Facilitating civic engagement in the context of sustainable built environments
A stroke of serendipity. That’s how it seems now.
It was a snowy January in 2015. In the beautiful Stockholm old town.
I had just met with a bunch of colleagues, brainstormed about future collaboration.
Walking down to the subway, I took a newspaper to brush up my Swedish.
I was casually browsing the paper, not so sure there’d be anything to catch my eye.
That’s when it hit me.
An article about two guys who wished to see more humane, lovable, beautiful, genuinely sustainable buildings in Sweden. Michael Diamant had founded the Facebook group “Nyproduktion i klassisk tradition”, and Edvard Persson “Arkitekturupproret – det finns alternativ till fyrkantiga lådor”. They had started to engage likeminded Swedes in their groups.
They were publishing examples of an architectural approach, unheard of and forbidden in today’s Sweden and Finland, but alive and kicking in Germany, UK, USA, the Netherlands, Poland, Estonia, Russia. Almost in any other country except ours.
Let’s call it the contemporary classical revival, the 21st century classicism, as opposed to the modernistic architectural credo, dominant in Sweden and Finland.
I joined both groups, liked every posting and got to know Michael and Edvard. Their thoughts resonated with mine immediately.
Would there be a way to contribute? Would there be anyone in Finland, having similar thoughts? The simplest way to start was to become the founder of Arkkitehtuurikapina, the Finnish sister group to the Swedish ones.
Until that day I had believed in the truths we are told, even today, leading to the irreversible ugliness of our time.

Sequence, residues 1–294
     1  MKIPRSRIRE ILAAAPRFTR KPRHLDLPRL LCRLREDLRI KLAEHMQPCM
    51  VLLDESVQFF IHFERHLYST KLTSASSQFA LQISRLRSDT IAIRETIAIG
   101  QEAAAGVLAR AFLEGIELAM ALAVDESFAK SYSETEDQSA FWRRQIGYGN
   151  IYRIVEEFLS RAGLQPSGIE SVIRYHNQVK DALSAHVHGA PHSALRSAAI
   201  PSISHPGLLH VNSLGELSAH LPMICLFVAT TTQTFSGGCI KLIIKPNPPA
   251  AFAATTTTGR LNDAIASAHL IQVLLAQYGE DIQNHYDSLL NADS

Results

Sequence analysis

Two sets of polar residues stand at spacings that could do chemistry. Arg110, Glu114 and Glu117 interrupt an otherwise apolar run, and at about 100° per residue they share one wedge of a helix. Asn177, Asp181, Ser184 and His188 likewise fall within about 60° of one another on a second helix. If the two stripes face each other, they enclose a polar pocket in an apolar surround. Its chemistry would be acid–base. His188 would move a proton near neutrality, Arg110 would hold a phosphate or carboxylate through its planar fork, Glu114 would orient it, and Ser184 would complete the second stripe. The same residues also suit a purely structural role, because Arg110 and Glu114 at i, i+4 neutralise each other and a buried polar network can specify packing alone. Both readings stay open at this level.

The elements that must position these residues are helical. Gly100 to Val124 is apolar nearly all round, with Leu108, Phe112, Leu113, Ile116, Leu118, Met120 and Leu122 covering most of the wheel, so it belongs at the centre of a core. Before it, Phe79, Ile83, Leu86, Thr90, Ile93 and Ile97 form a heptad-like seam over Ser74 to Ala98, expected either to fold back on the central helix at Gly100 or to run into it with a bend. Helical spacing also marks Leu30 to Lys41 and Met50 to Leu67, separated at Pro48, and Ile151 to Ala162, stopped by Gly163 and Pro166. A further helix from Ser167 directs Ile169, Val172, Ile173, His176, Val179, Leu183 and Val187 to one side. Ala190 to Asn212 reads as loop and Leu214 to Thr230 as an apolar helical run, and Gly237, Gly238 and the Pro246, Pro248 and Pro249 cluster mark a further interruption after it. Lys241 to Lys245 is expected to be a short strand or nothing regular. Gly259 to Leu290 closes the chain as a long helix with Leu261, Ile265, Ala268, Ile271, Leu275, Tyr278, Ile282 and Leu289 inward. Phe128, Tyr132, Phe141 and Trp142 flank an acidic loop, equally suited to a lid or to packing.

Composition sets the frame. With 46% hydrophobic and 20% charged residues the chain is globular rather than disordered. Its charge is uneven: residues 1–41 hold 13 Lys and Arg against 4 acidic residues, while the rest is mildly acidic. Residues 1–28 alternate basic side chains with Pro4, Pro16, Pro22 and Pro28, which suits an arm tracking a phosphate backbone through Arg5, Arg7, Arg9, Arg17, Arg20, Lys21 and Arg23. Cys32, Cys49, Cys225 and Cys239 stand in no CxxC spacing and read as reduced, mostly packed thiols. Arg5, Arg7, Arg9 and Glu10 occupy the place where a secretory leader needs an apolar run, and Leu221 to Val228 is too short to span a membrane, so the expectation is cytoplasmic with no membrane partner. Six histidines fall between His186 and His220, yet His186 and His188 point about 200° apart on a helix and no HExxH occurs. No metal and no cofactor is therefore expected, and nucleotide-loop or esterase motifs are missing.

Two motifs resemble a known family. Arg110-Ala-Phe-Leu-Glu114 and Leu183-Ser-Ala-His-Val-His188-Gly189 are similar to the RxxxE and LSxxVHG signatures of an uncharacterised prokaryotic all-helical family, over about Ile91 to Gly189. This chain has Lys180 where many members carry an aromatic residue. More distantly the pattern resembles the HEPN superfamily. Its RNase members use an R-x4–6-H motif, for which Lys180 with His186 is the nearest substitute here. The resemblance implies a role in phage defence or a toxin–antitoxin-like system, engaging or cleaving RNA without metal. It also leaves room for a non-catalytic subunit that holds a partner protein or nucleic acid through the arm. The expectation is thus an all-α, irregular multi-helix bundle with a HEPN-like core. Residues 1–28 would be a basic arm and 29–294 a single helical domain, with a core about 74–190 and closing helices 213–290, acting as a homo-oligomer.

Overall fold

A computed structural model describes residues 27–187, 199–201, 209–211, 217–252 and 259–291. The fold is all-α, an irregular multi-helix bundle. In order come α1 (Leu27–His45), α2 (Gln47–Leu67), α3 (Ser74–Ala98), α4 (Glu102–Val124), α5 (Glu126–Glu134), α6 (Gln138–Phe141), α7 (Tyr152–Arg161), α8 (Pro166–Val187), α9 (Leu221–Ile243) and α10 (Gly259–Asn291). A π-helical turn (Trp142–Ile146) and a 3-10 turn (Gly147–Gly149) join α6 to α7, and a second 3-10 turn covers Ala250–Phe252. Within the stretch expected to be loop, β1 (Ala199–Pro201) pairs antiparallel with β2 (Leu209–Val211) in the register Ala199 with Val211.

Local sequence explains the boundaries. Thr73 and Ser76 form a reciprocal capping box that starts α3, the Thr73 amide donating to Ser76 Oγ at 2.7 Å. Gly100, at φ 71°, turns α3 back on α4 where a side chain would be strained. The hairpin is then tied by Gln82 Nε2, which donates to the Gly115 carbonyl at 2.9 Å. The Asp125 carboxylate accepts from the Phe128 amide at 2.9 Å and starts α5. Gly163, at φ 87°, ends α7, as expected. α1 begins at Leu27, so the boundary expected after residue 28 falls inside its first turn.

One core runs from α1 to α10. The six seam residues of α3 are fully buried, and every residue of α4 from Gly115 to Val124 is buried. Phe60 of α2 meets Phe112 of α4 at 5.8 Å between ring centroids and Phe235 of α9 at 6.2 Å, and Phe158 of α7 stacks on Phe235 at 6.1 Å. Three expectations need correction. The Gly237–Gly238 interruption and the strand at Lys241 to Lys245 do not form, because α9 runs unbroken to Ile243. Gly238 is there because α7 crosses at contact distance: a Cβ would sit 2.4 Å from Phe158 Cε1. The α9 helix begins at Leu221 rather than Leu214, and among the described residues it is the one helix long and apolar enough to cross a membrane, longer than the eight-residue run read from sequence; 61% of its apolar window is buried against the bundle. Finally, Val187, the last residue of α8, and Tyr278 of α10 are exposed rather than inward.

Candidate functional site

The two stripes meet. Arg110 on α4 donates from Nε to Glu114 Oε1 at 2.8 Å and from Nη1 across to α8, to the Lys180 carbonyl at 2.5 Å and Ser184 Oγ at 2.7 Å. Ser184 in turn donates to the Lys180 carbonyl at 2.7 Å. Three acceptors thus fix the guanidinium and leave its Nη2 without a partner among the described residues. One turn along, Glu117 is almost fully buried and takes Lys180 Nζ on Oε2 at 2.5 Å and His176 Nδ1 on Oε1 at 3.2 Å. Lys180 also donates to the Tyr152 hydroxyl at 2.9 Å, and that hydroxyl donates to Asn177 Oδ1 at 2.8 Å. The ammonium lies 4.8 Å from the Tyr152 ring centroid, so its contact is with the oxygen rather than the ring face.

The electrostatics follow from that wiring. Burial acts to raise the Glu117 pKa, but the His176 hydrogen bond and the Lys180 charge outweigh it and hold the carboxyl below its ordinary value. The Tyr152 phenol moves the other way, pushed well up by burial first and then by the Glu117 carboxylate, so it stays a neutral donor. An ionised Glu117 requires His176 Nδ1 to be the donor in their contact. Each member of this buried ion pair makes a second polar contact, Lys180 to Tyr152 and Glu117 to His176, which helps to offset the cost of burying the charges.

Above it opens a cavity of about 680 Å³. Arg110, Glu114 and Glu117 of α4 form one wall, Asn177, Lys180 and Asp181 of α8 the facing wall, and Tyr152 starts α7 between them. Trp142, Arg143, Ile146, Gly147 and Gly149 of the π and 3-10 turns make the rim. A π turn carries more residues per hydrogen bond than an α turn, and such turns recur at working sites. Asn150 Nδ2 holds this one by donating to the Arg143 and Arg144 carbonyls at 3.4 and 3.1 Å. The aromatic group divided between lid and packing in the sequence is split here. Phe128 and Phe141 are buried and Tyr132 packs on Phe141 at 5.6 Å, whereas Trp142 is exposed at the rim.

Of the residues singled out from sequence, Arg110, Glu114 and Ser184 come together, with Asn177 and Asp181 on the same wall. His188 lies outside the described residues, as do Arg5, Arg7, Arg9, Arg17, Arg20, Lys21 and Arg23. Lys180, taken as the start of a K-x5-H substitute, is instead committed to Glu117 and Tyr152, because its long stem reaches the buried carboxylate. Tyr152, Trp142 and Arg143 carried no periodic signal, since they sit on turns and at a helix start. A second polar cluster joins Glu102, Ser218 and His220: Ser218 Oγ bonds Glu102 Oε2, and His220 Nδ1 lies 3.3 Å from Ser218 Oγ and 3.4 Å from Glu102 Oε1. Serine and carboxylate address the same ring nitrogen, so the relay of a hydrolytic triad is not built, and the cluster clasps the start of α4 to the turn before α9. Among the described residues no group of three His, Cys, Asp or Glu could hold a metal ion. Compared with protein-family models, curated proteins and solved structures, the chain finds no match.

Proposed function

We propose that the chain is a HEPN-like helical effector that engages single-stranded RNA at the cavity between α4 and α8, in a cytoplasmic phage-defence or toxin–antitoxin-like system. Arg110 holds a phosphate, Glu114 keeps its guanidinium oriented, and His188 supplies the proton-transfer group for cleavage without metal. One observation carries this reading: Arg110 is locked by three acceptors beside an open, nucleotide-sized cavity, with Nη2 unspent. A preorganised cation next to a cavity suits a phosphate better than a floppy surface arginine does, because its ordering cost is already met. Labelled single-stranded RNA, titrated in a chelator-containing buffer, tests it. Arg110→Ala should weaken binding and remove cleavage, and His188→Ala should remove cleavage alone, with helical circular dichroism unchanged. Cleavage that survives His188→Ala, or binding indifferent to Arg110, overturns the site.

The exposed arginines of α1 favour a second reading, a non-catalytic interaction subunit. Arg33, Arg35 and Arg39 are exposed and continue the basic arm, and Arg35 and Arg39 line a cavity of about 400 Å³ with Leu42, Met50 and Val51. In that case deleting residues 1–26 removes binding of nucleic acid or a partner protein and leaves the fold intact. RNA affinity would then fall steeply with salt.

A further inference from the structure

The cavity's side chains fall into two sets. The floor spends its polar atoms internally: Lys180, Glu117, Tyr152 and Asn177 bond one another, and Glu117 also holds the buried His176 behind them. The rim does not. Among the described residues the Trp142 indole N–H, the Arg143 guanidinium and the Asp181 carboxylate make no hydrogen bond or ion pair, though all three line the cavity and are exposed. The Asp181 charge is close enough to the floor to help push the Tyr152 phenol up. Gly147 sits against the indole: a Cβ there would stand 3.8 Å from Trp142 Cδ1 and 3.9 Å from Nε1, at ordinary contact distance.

We are told that beauty is subjective, in the eye of the beholder, so everyone thinks differently.
But studies on the most beautiful places or buildings show the common human preference towards the pre-modernist (before 1950s) variety of built environments, predominantly based on the classical tradition: an architectural philosophy and a set of rules on how to design sustainable buildings and cities from a human point of view, aiming to compose buildings with proportions, harmony, symmetry appealing to human perspective.
We are told that it is too expensive to build beauty.
But we are living in an age more well-off than ever. And even in poorer times, designing buildings with a modest purpose, it was considered worth the effort and investment to beautify the environment. Not to uglify.
Further, are all the ugly new buildings really cheap?
We are told that new buildings should reflect “our time”, not the past.
But this leads to false innovation, to value newness as a value in itself, only for the sake of novelty. And buildings to become outdated and ready-to-be-demolished at a quickening speed, so that there will be an urgent need for the new ‘new’ again and again.
All architecture is copying, imitating, emulating, recycling something that has already been done – classically inspired or modernistically inspired. But we are told to accept only the modernistically inspired new, although it also reflects the past.
We are told that a strong contrast between old and new architecture is a good thing.
But this leads to an ever worsening environment, with new buildings trying to stick out at any price. Adding contrast is adding chaos, not harmony.
The more I tried to dig into and understand these arguments justifying the modernist credo, the more all the arguments sounded like bullshit. They still do.
That’s why I believe it is an ideological phenomenon, dressed in the clothes of unquestioned truths. ‘The emperor has no clothes’ analogy.
Why should we be the generation to witness the downfall of beauty and the triumph of blunt ugliness?
Today we are a Nordic civic movement with altogether ca. 30.000 members in local, regional and national networks.
Join us if you care.
Founder, Community Manager, Board Member
Facilitating civic engagement in the context of Arkitekturupproret-Arkkitehtuurikapina-Architectural revival